Sri Lanka opener Danushka Gunathilaka revealed exactly how the decision regarding whether or not to tour Pakistan was taken by the Sri Lankan players, and the role SLC played in the episode. In an interview with ESPNcricinfo, the leading run-scorer for the visitors on the tour discussed the thought processes behind his decision - and that of his 15 team-mates - to put their hand up to tour even as many senior players opted to stay away. Over the last fortnight, a 16-man Sri Lankan side was in Pakistan to play three ODIs and three T20Is, but as has become customary with visits by foreign players to Pakistan, the rigmarole surrounding which players would opt out dominated the headlines.
"The board gave us complete freedom," Gunathilaka said during a chat at the team hotel in Lahore. "They just asked us if we wanted to be here. We had a meeting; 25-30 players were there. They just asked in front of everyone, and we had to say yes or no. They didn't put any pressure on us. The board and the (sports) minister did say they believed it was okay to go, and we should trust that advice. But ultimately, they respected the players' decisions.
"The good thing is some players got good opportunities from this series, and they showed what they could do for Sri Lanka and world cricket. Now this team is getting strong because everyone has to fight for their places. For example, [Minod] Bhanuka came into this side and scored a well-made 30 and took a good catch. And then [Bhanuka] Rajapaksa played a good innings. If the big players had come, they might not have got these chances."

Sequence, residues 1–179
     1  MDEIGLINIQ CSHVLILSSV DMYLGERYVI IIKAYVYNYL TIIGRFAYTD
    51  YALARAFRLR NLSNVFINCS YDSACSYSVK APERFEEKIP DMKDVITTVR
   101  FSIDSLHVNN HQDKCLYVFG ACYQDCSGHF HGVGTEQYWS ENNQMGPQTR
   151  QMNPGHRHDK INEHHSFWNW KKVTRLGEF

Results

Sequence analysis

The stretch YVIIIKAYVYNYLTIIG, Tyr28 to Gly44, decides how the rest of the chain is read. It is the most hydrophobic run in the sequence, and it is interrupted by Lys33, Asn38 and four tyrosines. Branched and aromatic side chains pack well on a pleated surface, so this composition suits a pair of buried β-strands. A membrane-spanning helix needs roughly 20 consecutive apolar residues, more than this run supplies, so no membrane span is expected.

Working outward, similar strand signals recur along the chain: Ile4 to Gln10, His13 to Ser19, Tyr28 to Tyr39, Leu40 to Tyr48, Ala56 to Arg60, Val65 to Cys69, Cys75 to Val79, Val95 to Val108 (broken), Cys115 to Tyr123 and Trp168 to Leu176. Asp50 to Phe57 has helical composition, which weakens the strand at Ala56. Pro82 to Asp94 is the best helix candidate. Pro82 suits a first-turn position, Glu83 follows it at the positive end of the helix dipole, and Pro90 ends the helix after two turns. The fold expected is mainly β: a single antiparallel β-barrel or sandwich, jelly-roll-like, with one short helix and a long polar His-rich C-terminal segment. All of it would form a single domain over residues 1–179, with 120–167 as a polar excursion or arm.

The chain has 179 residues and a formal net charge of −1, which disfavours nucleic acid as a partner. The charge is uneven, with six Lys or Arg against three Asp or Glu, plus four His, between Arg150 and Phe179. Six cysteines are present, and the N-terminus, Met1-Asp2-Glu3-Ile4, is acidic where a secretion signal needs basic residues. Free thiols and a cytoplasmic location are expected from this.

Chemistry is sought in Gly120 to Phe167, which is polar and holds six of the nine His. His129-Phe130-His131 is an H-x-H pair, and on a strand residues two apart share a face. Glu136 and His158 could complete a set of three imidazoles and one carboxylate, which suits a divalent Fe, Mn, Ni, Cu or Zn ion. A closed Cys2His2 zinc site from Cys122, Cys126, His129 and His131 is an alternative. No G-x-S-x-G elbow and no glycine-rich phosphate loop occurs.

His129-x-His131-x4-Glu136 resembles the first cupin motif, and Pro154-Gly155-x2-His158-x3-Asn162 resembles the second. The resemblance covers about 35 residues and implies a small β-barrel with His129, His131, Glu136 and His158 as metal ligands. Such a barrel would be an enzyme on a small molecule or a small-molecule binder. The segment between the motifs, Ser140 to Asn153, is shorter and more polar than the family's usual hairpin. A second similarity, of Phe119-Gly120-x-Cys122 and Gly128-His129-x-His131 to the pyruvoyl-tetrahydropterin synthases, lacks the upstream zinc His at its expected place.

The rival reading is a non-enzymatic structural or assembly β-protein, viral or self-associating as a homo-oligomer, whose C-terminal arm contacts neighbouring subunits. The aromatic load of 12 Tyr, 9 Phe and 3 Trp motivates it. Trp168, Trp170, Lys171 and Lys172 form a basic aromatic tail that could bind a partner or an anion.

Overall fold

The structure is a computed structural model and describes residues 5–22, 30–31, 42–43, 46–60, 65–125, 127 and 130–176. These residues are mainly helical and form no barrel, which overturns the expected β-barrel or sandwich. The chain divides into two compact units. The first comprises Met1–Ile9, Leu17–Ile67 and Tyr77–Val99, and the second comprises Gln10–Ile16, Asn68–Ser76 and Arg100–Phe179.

A running theme throughout the series, especially in media coverage of the Sri Lankan team in Pakistan, was the obstinate belief that this was a second-string Sri Lankan side. It was reported that ten players had decided against coming to Pakistan - a number Gunathilaka disputed. Nonetheless, the absence of big-name players was used as justification for the lack of interest in tickets - particularly in Karachi where nearly 80% of them went unsold. And for the controversial recall of Umar Akmal and Ahmed Shehzad to the T20I side, with head coach Misbah-ul-Haq saying several people in Pakistan had wanted to see an entire second-string Pakistan team line up against the visitors.
You can't just play five days, come to the room each evening and go to the ground in the morning for five consecutive days. That's not fair. If you want to start Test cricket in the country, you have to have more freedom
Very little was known about most of the players who did make the trip after all, and much of the reporting set up shop in the vicinity of condescension, talking up the "bravery" and "generosity" of the visiting Sri Lankans. Sri Lanka's T20I captain Dasun Shanaka and Rajapaksa had both made their feelings clear at being described as second-tier in pointed remarks at press conferences, and Gunathilaka confirmed the determination to show how wide of the mark that framing was gave them an extra little bit of motivation.